Blood & Beauty: The Borgias
By Sarah Dunant,
Random House, 528 pages, $27
For centuries, the seat of the pope in Rome has been occupied by colourful personalities who wielded supremacy over monarchies and subjects of Christendom in the medieval world. As the “rock of the church”, the popes had the influence to decide which royal could be fit to be the divine king with their blessings. Royal families, mostly from Milan, Venice and Naples in connivance with the other houses of royalty from Europe went to great lengths to put their man on the throne of St Peter.
As absolute power corrupts absolutely, the Vatican too could not escape the obloquy associated with wealth, lust and greed. Gold changed hands, arms were twisted and assassins hired in the days when the cardinals held their conclaves to elect a new pope.
At one time, there were three popes; then there were kings who also declared themselves as popes. And there were popes who were married, and if not, lived in mortal sin. One such intriguing pope was Pope Alexander VI. He was not only the pope, but head of the Papal States.
Born as Rodrigo Borgia, Pope Alexander VI is a subject of fascination for historians and critics of the church alike. Not only did he have children, but he openly acknowledged it. After leaving his first mistress with whom he had four children, he took up a much younger lover who raised his offsprings from his first mistress.
From August 11, 1492, when Borgia was elevated from the position of Papal Vice-Chancellor and Spanish Cardinal of Valencia into the Papal throne that was left empty by the death of Innocent VIII, he led a colourful life — full of political intrigue, diplomacy and deceit. It is this epoch of the papacy that is the subject matter of Sarah Dunant’s new book “Blood & Beauty”.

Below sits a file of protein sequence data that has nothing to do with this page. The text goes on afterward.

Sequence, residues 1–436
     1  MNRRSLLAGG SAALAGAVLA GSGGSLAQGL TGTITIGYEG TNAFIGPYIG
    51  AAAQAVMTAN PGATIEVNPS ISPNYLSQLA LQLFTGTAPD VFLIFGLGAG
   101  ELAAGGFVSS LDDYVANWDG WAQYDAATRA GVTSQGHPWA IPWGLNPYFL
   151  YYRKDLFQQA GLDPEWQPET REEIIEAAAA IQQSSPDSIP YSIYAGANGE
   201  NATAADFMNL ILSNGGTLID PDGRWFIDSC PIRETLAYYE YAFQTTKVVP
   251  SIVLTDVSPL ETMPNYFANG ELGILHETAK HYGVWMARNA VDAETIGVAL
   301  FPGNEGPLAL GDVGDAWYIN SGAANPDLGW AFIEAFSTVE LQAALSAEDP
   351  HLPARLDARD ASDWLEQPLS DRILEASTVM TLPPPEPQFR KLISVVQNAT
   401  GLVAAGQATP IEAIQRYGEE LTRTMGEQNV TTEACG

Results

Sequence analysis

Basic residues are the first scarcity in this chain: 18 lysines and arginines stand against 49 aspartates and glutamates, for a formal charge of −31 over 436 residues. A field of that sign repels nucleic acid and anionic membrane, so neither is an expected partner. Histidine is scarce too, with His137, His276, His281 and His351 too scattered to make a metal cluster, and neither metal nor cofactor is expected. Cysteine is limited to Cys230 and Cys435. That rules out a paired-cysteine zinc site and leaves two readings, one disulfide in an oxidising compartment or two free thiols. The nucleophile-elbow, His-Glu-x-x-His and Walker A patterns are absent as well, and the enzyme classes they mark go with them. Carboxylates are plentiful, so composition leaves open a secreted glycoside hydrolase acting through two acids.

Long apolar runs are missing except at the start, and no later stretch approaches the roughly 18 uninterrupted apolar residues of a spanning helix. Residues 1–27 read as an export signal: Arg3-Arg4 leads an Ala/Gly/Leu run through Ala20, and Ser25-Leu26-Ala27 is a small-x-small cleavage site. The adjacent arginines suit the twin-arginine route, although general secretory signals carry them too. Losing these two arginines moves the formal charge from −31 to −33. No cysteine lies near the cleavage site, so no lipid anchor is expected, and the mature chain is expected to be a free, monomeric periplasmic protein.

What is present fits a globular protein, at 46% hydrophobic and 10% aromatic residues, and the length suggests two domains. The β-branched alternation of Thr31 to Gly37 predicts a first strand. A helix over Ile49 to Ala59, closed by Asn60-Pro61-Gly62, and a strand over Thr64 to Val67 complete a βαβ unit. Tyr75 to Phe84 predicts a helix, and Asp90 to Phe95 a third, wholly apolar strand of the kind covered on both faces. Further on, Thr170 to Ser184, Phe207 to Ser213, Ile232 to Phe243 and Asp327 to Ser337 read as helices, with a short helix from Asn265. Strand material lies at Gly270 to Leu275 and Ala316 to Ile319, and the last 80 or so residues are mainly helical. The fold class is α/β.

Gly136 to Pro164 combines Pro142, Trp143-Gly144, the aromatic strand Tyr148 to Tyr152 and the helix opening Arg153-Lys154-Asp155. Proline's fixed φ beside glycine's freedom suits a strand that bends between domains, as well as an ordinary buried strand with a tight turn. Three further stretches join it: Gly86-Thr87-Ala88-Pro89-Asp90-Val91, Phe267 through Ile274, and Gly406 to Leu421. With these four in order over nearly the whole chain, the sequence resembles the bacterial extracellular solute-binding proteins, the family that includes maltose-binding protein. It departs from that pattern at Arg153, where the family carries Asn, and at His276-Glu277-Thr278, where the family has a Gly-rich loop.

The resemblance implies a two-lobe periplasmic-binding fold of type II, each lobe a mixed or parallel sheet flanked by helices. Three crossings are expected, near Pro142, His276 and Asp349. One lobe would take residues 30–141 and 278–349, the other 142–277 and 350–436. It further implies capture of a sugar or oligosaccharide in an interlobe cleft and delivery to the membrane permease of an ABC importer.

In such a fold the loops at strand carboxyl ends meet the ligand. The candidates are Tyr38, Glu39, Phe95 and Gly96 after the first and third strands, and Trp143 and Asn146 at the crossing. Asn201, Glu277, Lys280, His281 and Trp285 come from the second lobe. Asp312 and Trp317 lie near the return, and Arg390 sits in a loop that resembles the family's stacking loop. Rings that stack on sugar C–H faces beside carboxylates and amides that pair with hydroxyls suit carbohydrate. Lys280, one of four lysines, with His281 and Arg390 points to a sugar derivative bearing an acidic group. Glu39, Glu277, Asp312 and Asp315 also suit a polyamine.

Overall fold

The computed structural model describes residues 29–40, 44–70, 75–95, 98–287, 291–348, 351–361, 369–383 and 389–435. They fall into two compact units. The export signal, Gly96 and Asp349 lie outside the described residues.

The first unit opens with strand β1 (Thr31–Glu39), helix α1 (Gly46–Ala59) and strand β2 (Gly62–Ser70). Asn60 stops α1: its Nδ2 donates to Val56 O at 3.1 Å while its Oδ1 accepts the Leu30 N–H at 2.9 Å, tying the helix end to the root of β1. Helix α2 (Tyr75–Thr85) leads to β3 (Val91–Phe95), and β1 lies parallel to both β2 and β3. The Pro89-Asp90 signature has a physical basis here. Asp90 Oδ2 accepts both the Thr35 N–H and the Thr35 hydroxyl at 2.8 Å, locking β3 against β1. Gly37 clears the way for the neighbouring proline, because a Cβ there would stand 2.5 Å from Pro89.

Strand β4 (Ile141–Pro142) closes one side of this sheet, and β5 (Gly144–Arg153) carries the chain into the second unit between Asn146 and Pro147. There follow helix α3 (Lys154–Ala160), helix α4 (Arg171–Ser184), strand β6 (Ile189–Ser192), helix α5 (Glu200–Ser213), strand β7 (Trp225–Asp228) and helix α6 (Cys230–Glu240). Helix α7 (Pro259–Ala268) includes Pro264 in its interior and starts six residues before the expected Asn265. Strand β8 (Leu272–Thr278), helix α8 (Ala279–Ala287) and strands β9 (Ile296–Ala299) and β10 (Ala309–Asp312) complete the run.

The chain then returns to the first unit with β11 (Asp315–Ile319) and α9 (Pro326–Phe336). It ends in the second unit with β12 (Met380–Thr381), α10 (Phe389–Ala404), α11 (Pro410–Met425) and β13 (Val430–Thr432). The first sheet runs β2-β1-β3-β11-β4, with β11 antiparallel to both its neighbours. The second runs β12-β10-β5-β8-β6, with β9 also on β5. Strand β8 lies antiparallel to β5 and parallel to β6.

In a narrative relying on many historical sources, Dunant visually transposes the reader to the 15th-century household of the Borgias. She gives a vivid insight on how the Spaniard outfoxed the strong Italian lobby and beat his strong rival Giuliano della Rovere to the papacy with silver and gold.
She portrays him as a doting father who had to strike a delicate balance to uphold the dignity of the church as well as of his family. She shows that he is human too and feels emotions of joy, pain, grief and pleasure.
He had to form alliances and marital bonds and deceive and induce to remain at the top — so much so that he had to marry off his daughter Lucrecia three times. Each time he gave huge dowries to the grooms who came from influential families. Fearing for his papacy, he used his political acumen to outwit the French king Charles VIII, who wanted safe passage for his crusading troops through the Papal States. Not only does he save his seat but he also sees the back of the French troops and deals a bloody blow to his Italian rivals.
Dunant slices down the character of Borgia and his notoriety from an angle much different than the one used by his detractors who have labelled him as self-seeking and debauched. As the events unfold in the book, it emerges that Borgia was not an imposter, unlike some of the other church leaders during his time who were pious and virtuous from the outside but were actually corrupt to the core and held Borgia to ransom.
“Blood & Beauty” is intriguing, to say the least, and it surely will captivate those who like thrillers such as “The Godfather”.